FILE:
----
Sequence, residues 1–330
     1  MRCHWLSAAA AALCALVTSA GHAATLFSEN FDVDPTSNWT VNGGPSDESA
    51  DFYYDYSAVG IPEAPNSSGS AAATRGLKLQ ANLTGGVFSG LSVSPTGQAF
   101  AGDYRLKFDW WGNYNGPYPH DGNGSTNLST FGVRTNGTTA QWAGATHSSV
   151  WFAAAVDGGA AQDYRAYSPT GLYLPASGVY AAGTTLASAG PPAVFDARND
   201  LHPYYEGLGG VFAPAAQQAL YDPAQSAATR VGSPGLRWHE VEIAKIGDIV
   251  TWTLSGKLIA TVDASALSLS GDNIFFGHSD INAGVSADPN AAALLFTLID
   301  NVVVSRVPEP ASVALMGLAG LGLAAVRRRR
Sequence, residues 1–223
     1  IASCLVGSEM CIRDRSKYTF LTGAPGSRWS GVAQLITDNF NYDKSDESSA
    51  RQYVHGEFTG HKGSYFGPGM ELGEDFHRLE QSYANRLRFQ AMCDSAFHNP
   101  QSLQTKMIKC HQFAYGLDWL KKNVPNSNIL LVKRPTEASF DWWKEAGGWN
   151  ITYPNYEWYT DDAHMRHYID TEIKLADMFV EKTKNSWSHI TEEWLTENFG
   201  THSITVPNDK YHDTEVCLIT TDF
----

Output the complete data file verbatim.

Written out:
Sequence, residues 1–330
     1  MRCHWLSAAA AALCALVTSA GHAATLFSEN FDVDPTSNWT VNGGPSDESA
    51  DFYYDYSAVG IPEAPNSSGS AAATRGLKLQ ANLTGGVFSG LSVSPTGQAF
   101  AGDYRLKFDW WGNYNGPYPH DGNGSTNLST FGVRTNGTTA QWAGATHSSV
   151  WFAAAVDGGA AQDYRAYSPT GLYLPASGVY AAGTTLASAG PPAVFDARND
   201  LHPYYEGLGG VFAPAAQQAL YDPAQSAATR VGSPGLRWHE VEIAKIGDIV
   251  TWTLSGKLIA TVDASALSLS GDNIFFGHSD INAGVSADPN AAALLFTLID
   301  NVVVSRVPEP ASVALMGLAG LGLAAVRRRR
Sequence, residues 1–223
     1  IASCLVGSEM CIRDRSKYTF LTGAPGSRWS GVAQLITDNF NYDKSDESSA
    51  RQYVHGEFTG HKGSYFGPGM ELGEDFHRLE QSYANRLRFQ AMCDSAFHNP
   101  QSLQTKMIKC HQFAYGLDWL KKNVPNSNIL LVKRPTEASF DWWKEAGGWN
   151  ITYPNYEWYT DDAHMRHYID TEIKLADMFV EKTKNSWSHI TEEWLTENFG
   201  THSITVPNDK YHDTEVCLIT TDF